Redruth is an Ancient Parish and a market town in the county of Cornwall.
Other places in the parish include: Carnmarth, Euny Redruth, Little Redruth, and Plengwary.
Parish registers begin:
- Parish registers: 1560
- Bishop’s Transcripts: 1614
Nonconformists include: Baptist, Church of Jesus Christ of Latter-day Saints, Irvingite/Catholic Apostolic Church, Presbyterian, Primitive Methodist, Society of Friends/Quaker, Wesleyan Methodist, Wesleyan Methodist Association, and Wesleyan Methodist Reform.
The Imperial Gazetteer of England & Wales 1870
REDRUTH, a town, a parish, a sub-district, and a district, in Cornwall. The town stands on the West Cornwall railway, at the junction of the line to Perran-Arworthal, 9½ miles SW of Truro; is conjectured, by some antiquaries, to be one of the most ancient towns in England, and to have been originally called Tre-Druith, signifying “Druids,-town;” is believed, by less sanguine writers, not to have originated till after the division of the county into parishes; was for some time called, and is still occasionally called, St. Uny; appears to have been built around a chapel dedicated to that saint; seems to have acquired its present name, by a corruption of Tretrot, signifying “the house on the river’s bed;” is situated chiefly on the side of a hill, rising to the altitude of 414 feet, amid a dreary tract of country, bare of vegetation and strewn with rubbish, but remarkably rich in mineral produce; consists chiefly of one long street, well built, but insufficiently supplied with water; carries on extensive trade in connexion with neighbouring mines often iron and copper; is a seat of county courts, and a polling-place; and has a head post-office, a railway station with telegraph, a banking office, two chief inns, a town hall built in 1850, public rooms built in 1861, a market-place with a clock-tower at the entrance, a theatre, a literary institution, a church, six dissenting chapels, national schools, an extensive brewery, a safety fuse manufactory, and an iron-foundry. The railway station is on the hill; and the railway, in its neighbourhood, passes along a lofty viaduct. The public rooms were erected at a cost of £2,000. The church stands about a mile distant, under Carnbrea hill; is a modern edifice, with a tower; and contains a monument, by Chantrey, to W. Davey, Esq. Markets are held on Tuesday and Friday; and fairs, on 25 March, 2 May, 3 Aug., and 12 Oct. Pop. in 1851, 7,095; in 1861, 7, 919. Houses, 1,445.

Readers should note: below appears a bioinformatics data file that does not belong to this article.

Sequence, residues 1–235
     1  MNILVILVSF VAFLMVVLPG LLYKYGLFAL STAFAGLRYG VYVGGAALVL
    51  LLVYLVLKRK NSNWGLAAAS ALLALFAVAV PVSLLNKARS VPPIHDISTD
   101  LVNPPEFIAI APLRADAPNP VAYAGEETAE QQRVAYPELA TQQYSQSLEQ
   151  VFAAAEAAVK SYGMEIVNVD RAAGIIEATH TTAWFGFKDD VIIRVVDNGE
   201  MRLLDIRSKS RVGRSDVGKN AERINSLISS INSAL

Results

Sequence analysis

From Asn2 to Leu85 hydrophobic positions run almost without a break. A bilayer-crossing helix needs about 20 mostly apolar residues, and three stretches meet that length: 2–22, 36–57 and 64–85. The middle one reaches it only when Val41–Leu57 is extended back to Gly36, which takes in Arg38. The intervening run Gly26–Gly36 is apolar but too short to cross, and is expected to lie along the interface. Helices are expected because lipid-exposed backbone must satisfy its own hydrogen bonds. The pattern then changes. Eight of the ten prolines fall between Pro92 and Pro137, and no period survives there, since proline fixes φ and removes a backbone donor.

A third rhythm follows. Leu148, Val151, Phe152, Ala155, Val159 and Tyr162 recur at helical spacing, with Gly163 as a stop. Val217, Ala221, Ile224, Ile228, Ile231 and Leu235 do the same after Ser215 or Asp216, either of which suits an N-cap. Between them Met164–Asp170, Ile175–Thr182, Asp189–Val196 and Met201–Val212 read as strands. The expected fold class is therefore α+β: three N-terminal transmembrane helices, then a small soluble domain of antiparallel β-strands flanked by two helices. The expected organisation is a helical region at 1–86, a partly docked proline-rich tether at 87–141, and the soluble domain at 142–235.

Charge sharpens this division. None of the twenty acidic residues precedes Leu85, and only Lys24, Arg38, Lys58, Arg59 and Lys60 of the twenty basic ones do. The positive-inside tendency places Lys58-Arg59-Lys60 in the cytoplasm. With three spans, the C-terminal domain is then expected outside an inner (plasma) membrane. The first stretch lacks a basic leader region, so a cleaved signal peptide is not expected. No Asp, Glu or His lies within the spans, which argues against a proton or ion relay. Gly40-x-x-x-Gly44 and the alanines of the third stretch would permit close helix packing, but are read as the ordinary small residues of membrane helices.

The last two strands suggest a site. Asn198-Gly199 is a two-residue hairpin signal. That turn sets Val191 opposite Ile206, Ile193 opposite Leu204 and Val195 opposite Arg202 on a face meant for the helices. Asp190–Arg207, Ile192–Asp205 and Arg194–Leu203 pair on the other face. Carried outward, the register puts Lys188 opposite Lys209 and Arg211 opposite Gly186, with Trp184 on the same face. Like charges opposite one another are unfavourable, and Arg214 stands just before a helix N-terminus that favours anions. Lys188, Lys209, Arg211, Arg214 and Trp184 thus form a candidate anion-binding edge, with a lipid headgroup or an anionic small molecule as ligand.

The parish contains also the hamlets of Little Redruth, or Plengwary, and Treleigh; and comprises 3,907 acres. Real property, £45,357; of which £11,742 are in mines, £40 in quarries, £58 in iron-works, £455 in railways, and £83 in gas-works. Pop. in 1851, 10,571; in 1861, 11,504. Houses, 2,159. The mines are chief objects of interest. The Dunstanville pillar is on Carnbrea hill; antiquities of the kind called Druidical, are in various parts, but have been much damaged or destroyed; and a stone circle, now demolished, gave name to Plengwary. The living is a rectory in the diocese of Exeter. Value, £432. Patron, I. F. Basset, Esq. The p. curacy of Treleigh is a separate benefice. Dr. Pryce, the antiquary, was a native. The sub-district is conterminate with the parish. The district comprehends also the sub-district of Illogan, conterminate with Illogan parish; the sub-district of Camborne, conterminate with Camborne parish; the sub-district of Gwennap, containing the parishes of Gwennap and St. Stithians; and the sub-district of Phillack, containing the parishes of Phillack, Gwithian, and Gwinear. Acres, 40,305. Poor-rates in 1863, £10,537. Pop. in 1851, 53,628; in 1861, 57,173. Houses, 11,192. Marriages in 1863, 539; births, 2,194, of which 106 were illegitimate; deaths, 1,640, of which 890 were at ages under 5 years, and 24 at ages above 85. Marriages in the ten years 1851-60, 4,921; births, 18,970; deaths, 11,728. The places of worship, in 1851, were 19 of the Church of England, with 8,713 sittings; 2 of Baptists, with 542 s.; 4 of Quakers, with 530 s.; 54 of Wesleyans, with 18,144 s.; 8 of Primitive Methodists, with 1,780 s.; 7 of Bible Christians, with 2,117 s.; 8 of the Wesleyan Association, with 2,486 s.; and 5 of Wesleyan Reformers, with 880 s. The schools were 21 public day schools, with 2,080 scholars; 103 private day schools, with 2,764 s.; 79 Sunday schools, with 12,337 s.; and 3 evening schools for adults, with 52 s. The workhouse is in Illogam, and has accommodation for 450 inmates.